Excavating the City of David
By Ronny Reich
This is the definitive book on the City of David—the oldest part of Jerusalem—by the current excavator of the site. It will be read, enjoyed and studied now and a hundred years from now. It is, in fact, more than one book: It is a fascinating account of the history of the site’s excavation—by scholars and charlatans; by the British, French and Israelis; by a Catholic priest and by Jews; by the competent and by amateurs.
By David Ussishkin
Biblical Lachish was one of the most important cities in the Land of Israel for more than three thousand years. In the second millennium B.C.E. Lachish was a large Canaanite city-state, and during the period of the Judean kingdom, a mighty fortress city. Sennacherib, king of Assyria, conquered it in the course of a fierce battle in 701 B.C.E. That conquest was immortalized in a series of reliefs erected in Sennacherib’s palace at Nineveh in Assyria.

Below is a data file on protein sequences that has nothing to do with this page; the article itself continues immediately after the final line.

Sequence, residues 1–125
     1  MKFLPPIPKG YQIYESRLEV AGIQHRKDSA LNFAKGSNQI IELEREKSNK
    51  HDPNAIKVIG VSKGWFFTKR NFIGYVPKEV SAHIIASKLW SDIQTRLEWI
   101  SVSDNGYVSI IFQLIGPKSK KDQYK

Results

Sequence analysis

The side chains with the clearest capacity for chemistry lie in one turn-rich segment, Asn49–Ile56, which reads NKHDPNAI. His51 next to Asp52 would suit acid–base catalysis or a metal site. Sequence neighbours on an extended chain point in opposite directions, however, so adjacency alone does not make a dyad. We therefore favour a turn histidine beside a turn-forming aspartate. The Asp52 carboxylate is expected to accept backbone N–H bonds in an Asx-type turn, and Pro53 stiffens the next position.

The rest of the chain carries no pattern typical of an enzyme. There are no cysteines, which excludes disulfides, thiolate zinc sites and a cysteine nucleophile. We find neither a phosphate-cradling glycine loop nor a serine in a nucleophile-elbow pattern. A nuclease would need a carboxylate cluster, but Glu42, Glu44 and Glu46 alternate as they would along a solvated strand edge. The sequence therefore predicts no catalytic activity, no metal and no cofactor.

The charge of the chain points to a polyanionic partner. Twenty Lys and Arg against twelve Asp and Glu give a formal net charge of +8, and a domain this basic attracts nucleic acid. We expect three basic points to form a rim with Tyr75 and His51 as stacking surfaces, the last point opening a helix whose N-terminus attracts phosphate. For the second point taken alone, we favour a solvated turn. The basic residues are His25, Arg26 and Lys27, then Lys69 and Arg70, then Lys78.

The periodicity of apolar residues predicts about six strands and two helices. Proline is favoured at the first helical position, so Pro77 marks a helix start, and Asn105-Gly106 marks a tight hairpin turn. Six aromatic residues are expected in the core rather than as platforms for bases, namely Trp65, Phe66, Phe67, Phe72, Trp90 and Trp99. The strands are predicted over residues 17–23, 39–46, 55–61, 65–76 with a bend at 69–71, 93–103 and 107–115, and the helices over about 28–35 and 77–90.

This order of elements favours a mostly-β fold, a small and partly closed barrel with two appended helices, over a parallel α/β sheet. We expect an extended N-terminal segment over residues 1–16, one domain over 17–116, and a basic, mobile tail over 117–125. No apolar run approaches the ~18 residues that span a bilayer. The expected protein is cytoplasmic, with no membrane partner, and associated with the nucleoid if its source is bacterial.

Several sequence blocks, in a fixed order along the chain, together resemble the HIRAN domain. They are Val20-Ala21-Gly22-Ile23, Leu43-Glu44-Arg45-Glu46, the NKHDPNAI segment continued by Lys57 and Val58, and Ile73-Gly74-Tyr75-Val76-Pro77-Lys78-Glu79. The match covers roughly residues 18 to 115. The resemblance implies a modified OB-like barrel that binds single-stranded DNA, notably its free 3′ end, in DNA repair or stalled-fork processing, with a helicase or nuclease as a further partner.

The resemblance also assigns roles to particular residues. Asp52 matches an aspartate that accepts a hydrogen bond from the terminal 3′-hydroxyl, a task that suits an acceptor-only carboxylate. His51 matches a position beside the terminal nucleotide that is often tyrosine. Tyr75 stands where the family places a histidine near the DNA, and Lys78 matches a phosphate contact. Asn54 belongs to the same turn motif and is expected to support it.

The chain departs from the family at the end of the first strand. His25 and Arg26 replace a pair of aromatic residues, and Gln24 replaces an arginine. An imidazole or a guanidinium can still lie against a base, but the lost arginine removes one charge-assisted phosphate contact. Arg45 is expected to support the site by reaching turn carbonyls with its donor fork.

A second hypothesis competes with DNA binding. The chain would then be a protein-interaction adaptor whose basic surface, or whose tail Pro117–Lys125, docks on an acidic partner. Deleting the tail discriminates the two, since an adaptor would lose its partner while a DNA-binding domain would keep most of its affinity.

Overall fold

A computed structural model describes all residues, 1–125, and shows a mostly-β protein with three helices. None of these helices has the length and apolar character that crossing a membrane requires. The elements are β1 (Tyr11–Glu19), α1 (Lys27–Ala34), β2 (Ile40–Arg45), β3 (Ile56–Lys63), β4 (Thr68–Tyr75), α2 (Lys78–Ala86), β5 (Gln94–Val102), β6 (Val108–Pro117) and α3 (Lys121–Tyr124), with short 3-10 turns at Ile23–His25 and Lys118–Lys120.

Discovering the Solomonic Wall in Jerusalem
By Eilat Mazar
In this charming, informative and scholarly—yet understandable—book, Hebrew University archaeologist Eilat Mazar, who previously uncovered what may be King David’s palace, continues the excavations of her famous grandfather, Professor Benjamin Mazar, at the southern wall of Jerusalem’s Temple Mount. Combining youthful memories of her grandfather with her own most recent excavations, she explores the southern gate of biblical Jerusalem and discovers the city wall built by King Solomon. A must for anyone truly interested in Biblical archaeology.